• Heedtheadvice
    • By Heedtheadvice 3rd Oct 17, 5:38 PM
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    Heedtheadvice
    "These are displayed on a warning notice at the origin of the installation. "
    or maybe should be! Many a premise do not have them, in my experience!
    or have never had them when there was never a formal design as such!


    So, where does that leave us?
    • Warwick Hunt
    • By Warwick Hunt 3rd Oct 17, 7:47 PM
    • 390 Posts
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    Warwick Hunt
    The initial interval is set by the installation Designer and subsequent intervals are set by the previous Inspector. These are displayed on a warning notice at the origin of the installation.
    Originally posted by Risteard
    Why don't you just give a straight answer?
    • Risteard
    • By Risteard 3rd Oct 17, 9:21 PM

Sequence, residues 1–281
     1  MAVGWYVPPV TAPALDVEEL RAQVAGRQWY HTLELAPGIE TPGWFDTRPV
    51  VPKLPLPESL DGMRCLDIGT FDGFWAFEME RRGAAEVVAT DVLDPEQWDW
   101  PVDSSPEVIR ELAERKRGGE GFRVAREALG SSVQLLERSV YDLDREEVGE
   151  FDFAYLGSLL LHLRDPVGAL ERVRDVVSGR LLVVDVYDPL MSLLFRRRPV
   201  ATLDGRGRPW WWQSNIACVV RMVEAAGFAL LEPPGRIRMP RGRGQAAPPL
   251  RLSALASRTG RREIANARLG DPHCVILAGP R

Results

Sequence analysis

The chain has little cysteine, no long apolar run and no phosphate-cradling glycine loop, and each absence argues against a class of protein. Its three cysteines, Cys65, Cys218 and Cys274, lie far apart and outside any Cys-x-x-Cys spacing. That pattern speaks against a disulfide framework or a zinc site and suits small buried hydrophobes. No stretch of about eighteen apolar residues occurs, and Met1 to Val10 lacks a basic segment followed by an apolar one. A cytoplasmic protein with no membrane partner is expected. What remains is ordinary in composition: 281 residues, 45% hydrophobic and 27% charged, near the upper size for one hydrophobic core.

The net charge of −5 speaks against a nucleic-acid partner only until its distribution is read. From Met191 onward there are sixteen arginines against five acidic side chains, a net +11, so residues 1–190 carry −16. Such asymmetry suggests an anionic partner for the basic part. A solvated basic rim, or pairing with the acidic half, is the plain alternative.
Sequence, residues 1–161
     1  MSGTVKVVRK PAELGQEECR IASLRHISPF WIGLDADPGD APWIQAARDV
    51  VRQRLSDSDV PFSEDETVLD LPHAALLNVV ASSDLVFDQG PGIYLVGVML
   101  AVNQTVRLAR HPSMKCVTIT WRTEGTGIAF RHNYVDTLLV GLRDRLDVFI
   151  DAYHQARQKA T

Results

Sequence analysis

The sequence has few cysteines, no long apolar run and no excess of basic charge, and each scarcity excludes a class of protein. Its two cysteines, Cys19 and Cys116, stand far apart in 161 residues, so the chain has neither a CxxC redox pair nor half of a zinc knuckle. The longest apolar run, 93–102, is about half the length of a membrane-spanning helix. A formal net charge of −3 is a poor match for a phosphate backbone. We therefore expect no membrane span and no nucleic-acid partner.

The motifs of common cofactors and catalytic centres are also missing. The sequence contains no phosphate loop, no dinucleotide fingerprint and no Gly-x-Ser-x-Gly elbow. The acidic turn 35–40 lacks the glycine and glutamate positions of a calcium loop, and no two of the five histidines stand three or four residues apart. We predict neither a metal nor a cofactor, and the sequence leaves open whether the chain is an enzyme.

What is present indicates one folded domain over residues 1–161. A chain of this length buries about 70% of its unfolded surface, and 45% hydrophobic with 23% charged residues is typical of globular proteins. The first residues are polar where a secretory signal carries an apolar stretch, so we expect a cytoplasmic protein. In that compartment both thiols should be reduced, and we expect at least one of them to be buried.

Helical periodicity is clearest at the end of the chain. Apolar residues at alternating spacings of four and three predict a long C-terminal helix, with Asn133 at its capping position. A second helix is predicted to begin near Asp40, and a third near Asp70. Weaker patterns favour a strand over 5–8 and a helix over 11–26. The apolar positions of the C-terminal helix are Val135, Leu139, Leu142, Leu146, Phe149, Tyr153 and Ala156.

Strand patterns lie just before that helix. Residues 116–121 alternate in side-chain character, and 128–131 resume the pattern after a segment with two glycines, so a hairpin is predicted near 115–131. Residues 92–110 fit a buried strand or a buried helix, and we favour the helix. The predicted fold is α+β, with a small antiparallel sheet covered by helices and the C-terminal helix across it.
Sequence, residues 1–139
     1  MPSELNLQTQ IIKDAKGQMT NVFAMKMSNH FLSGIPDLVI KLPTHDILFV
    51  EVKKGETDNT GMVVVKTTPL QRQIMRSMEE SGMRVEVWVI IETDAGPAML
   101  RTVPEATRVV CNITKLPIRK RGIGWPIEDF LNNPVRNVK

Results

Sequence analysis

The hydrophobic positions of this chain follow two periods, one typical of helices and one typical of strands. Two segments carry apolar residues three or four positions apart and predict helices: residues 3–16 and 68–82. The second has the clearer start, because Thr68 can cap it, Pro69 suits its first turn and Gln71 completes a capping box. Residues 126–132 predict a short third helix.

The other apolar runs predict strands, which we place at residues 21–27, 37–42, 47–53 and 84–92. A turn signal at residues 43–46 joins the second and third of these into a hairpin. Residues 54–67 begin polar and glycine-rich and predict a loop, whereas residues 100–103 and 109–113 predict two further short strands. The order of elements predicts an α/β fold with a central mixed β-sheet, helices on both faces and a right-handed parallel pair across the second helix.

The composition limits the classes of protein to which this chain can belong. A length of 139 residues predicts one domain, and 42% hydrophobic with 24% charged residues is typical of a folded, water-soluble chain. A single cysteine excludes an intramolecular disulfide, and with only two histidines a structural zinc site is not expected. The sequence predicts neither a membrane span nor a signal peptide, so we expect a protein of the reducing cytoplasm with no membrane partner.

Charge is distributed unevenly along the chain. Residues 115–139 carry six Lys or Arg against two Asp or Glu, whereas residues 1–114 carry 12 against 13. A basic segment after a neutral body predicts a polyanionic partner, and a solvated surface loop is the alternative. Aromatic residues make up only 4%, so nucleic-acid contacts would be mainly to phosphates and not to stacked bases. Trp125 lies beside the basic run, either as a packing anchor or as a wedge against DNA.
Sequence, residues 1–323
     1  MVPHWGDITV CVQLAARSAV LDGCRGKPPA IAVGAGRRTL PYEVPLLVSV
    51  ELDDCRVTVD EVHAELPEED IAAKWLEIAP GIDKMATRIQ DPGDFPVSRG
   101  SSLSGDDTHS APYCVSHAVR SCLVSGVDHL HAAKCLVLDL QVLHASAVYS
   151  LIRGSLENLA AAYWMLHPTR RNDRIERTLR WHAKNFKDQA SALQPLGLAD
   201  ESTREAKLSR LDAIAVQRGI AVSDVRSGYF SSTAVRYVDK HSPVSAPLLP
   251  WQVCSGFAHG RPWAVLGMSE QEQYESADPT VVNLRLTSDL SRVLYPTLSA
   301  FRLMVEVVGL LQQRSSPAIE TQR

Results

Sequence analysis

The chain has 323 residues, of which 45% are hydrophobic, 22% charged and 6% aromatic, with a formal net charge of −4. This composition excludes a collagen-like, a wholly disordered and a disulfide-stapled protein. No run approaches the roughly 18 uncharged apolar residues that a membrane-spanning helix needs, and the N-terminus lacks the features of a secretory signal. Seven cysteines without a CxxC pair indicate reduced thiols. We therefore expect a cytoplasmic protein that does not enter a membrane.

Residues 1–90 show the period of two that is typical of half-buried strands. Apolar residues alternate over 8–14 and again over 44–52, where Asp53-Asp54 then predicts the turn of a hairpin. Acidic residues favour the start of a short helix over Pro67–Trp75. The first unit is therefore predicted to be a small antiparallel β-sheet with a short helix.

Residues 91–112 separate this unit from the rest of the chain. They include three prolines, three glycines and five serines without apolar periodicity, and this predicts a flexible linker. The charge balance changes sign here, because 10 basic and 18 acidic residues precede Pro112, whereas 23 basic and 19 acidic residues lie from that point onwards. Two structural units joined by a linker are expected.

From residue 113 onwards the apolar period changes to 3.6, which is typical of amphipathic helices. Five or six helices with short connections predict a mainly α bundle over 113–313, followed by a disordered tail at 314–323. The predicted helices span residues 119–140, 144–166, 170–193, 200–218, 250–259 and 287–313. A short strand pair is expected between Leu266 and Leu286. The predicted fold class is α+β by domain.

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    Risteard
    Why don't you just give a straight answer?
    Originally posted by Warwick Hunt
    It is a straight answer. As every installation is different it is hardly reasonable to expect me to state a particular period. That's why it is left to the Designer initially, and the Inspector subsequently (taking account of the use and condition of the installation). If you can't understand that then I doubt there's much more I can do to help you.
    • Risteard
    • By Risteard 3rd Oct 17, 9:24 PM
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    • 213 Thanks
    Risteard
    "These are displayed on a warning notice at the origin of the installation. "
    or maybe should be! Many a premise do not have them, in my experience!
    or have never had them when there was never a formal design as such!


    So, where does that leave us?
    Originally posted by Heedtheadvice
    Certainly "should be". (Actually, must be.)